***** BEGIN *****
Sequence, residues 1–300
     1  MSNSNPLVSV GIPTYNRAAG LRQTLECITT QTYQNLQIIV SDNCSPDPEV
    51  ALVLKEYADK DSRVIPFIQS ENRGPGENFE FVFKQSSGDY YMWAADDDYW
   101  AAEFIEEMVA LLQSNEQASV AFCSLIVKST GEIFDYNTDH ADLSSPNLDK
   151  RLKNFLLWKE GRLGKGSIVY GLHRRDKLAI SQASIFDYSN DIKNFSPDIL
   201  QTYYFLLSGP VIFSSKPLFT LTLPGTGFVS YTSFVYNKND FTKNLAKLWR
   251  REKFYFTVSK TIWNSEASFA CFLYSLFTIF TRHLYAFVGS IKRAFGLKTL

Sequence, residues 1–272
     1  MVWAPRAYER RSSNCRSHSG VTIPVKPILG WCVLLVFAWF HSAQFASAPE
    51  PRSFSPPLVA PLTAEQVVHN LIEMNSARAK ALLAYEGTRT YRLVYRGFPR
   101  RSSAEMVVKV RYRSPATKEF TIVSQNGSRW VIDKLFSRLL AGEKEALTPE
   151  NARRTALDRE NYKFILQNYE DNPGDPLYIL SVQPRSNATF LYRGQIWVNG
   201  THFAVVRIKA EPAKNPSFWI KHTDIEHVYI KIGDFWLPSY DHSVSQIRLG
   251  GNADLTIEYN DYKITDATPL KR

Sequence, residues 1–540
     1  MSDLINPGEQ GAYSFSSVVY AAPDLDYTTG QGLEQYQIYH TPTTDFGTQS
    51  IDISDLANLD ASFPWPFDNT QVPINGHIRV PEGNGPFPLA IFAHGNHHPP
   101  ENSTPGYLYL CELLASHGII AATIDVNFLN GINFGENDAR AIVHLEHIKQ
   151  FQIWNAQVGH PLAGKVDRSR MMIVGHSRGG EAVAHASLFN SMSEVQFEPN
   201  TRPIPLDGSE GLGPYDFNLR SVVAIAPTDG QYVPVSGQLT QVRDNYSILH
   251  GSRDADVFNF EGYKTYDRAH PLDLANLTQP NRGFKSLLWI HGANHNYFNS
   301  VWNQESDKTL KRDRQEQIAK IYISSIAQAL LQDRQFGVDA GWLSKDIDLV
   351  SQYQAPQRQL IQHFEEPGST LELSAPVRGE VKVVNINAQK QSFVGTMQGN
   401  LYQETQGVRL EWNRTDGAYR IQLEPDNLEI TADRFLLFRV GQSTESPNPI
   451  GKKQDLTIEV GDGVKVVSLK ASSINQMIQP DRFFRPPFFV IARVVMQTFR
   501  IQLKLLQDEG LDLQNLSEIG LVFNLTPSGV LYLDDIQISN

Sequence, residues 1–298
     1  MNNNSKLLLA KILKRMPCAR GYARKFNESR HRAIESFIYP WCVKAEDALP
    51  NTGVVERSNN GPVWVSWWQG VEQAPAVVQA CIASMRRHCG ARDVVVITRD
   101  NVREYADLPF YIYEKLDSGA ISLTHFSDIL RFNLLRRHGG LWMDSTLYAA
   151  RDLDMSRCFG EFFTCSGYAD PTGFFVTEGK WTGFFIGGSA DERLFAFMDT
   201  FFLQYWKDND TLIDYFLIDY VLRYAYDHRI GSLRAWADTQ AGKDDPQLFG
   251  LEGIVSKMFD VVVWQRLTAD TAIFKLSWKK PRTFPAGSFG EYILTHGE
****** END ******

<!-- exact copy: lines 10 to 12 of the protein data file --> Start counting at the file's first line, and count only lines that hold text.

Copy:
    51  PRSFSPPLVA PLTAEQVVHN LIEMNSARAK ALLAYEGTRT YRLVYRGFPR
   101  RSSAEMVVKV RYRSPATKEF TIVSQNGSRW VIDKLFSRLL AGEKEALTPE
   151  NARRTALDRE NYKFILQNYE DNPGDPLYIL SVQPRSNATF LYRGQIWVNG